Letter to a Sister : 50 -Will Todd

Thanks for your letter, I was so glad to hear that my nephew is like me (and I expect that he is delighted too.) I was a bit surprised to hear that you were eating sandwiches at the airport though. When I got home I checked how many scones were left in my freezer…….hmmm, hope you enjoyed them.

Have you had any good laughs lately? The funniest thing I saw recently was a friend’s post on Facebook. A lot of churches at Easter like to do feet washing (reminds them that Jesus taught us to be humble, serve others, etc. Has never appealed to me.) Anyway, one church decided to change it slightly, so decided to wash wellington boots instead. Unfortunately they got the sign wrong and advertised to do “Willie Washing”! Made me laugh for ages. There are a number of jokes that could be added to this, but Mum reads these letters, so I’ll hold back.

Do you remember listening to Dad play the piano at night while we were trying to go to sleep? – I could always tell what kind of day he’d had by what he chose to play! I love it now when I hear the kids playing the piano, it takes me right back.

Last week we went to cousin Will Todd’s music performance. He is quite well known now amongst people who like classical music (he composed the music for the Queen’s Jubilee, stuff like that.) Our children seem to have inherited something of the music gene, though it bypassed husband and me.

I have evidence of this in husband’s case, because we own a cassette recording from his childhood, when his talented cousins came to visit. They are all playing various instruments. Husband is playing the drum/biscuit tin. You hear the adults dutifully applause and say how good it was, then one tactfully wonders if “we could hear it again without the drums….?” Will is now an (almost famous) composer, husband is an accountant. Figures.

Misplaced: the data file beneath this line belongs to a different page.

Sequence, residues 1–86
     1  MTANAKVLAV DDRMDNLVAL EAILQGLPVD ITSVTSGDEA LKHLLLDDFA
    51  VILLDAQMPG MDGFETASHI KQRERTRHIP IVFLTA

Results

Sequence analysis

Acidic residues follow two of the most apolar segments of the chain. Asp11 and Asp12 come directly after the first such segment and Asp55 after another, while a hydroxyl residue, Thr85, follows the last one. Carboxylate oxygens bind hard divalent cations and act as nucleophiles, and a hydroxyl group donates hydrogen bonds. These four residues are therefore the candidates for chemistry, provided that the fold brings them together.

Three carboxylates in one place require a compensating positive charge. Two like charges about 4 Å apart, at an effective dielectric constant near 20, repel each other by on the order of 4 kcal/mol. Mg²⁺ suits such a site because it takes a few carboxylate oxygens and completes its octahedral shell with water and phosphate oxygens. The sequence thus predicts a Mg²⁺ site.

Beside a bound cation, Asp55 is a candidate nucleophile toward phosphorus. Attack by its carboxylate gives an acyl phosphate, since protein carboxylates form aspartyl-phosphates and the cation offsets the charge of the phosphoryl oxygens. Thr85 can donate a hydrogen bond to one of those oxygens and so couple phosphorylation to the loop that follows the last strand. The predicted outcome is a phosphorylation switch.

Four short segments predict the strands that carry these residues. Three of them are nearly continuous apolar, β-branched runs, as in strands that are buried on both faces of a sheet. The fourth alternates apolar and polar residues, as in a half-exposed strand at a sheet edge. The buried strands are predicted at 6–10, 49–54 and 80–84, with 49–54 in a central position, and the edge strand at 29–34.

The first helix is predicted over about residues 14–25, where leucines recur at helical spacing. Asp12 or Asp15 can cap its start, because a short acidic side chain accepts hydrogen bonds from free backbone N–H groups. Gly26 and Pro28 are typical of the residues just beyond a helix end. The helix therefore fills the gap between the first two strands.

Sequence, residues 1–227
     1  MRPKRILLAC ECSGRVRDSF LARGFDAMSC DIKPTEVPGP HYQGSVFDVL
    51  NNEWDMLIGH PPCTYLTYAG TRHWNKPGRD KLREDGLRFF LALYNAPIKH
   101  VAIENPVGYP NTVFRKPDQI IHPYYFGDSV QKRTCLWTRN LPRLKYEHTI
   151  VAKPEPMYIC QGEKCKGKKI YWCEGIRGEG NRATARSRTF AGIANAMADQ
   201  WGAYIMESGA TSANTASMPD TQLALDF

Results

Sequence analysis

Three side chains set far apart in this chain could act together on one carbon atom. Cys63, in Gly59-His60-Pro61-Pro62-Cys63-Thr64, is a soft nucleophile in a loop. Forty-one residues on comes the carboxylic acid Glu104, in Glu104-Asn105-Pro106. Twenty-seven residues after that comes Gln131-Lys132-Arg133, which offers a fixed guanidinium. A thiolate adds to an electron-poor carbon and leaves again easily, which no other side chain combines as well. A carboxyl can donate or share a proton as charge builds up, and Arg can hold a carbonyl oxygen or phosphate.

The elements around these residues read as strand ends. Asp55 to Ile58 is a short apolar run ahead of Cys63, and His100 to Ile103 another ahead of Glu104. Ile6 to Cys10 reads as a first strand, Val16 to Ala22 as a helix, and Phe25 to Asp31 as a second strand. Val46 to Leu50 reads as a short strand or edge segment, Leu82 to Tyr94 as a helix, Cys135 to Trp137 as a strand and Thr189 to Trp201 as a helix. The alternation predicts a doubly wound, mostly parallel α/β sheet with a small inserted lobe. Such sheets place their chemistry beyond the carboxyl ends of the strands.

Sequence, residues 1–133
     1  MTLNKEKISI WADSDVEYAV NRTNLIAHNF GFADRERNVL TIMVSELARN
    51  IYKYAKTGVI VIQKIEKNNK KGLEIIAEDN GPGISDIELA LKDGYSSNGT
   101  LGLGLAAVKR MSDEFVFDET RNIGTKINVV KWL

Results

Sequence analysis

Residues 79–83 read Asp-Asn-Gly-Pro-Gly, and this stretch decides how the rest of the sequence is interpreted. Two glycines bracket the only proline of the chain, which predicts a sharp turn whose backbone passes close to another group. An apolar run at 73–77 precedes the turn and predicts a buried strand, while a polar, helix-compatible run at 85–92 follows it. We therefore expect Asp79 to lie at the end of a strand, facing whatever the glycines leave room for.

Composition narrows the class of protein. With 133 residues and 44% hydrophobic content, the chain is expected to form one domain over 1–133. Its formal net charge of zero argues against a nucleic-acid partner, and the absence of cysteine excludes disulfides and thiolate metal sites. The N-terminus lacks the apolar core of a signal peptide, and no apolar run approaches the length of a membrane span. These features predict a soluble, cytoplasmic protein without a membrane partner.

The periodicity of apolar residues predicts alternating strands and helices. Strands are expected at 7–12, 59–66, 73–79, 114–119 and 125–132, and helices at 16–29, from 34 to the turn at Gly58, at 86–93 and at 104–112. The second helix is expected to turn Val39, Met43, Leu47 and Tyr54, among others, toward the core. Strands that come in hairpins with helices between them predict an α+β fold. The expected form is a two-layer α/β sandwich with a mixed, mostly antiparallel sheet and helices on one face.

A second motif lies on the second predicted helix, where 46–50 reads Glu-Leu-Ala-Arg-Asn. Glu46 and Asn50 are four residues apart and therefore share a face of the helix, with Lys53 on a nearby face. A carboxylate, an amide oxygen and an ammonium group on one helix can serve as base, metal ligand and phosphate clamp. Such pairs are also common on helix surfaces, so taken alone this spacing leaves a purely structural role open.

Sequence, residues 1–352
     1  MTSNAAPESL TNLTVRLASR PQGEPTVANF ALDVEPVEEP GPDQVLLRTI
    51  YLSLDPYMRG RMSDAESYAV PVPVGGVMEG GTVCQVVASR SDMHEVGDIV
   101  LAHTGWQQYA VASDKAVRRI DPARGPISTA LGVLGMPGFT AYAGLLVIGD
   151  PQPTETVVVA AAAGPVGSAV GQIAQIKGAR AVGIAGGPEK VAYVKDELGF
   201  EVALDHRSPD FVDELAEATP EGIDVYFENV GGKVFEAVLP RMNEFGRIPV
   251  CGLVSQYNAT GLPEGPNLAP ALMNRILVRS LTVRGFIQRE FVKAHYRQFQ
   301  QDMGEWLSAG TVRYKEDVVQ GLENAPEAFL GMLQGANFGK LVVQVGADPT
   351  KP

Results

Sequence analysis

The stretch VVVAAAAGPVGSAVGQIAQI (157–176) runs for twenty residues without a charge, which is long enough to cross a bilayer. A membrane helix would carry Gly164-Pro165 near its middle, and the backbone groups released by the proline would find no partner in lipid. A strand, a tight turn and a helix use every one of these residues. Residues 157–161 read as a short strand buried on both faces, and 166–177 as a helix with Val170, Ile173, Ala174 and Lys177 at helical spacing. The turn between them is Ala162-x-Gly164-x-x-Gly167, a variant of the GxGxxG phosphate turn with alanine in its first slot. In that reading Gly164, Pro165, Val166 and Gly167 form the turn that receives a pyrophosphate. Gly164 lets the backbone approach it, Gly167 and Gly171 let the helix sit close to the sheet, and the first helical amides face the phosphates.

I didn’t really know Will until we were living in the US and he came to visit. We had just bought a clunky old piano for Daughter to have lessons on. Will arrived and started to play and the three children all crowded round him. They asked him to “play something happy/sad/princess music/tree music,” and Will dutifully modified his tune to whatever they called out, composing as he played. It was brilliant!

The recital in London was lovely. We started with champagne, so I was slightly worried that Husband might become talkative or (worse) fall asleep during the performance. But he behaved very well. Actually, falling asleep was unlikely because the seats were very hard. Uncomfortable seating is a feature of music concerts I feel. They tend to be held in over-crowded school halls or stuffy concert halls. Perhaps it’s done on purpose to stop reluctant fathers from having a sneaky snooze.

I do think that singing at that level must be the MOST scary job ever. They stand there, watched intently, and they have to just open their mouths and blast forth the correct note. Sometimes two of them started at once, no accompanying music, nowhere to hide if one of them was slightly off key. They weren’t, it was perfect, but I cannot imagine the pressure that they must be under. Such potential for big time embarrassment.

It must also be difficult to know what facial expression to adopt. The men tended to go for serious expressions, only their eye-brows really changing. The women tended to more ‘act’ the music, their whole posture reflecting what they were singing. Difficult to not over-do it I would imagine.

Being a conductor must also be a bit weird. Everyone watches your back. I must mention this to Will next time I see him – checking your face in the mirror is fairly unnecessary, much more important to ask someone to check that your collar is straight at the back. And that you have combed the back of your hair.

Not that I am ever likely to be asked to do either. I well remember that sad day when my daughter grew old enough to appreciate music and whispered, “Please don’t sing mummy.”

Take care,
Love, Anne x

PS. Some eggs hatched. The ‘early cracker’ actually took two days to hatch. The duckling then helped the next one out of the egg, lots of cheeping and pecking. So cute. They look much bigger than the eggs when they dry off and fluff up a bit.



They are folded up so tightly inside the egg, it takes them a while to straighten up.

IMG_4083They look a bit dead when they first emerge.

IMG_4089Two ducklings fluffed up after an hour and started running around.

IMG_4092 IMG_4096Two chicks hatched the following day.

I think the other eggs had died, so I waited a day and then threw them away.

You can read my sister’s letter at :



Thank you for reading.

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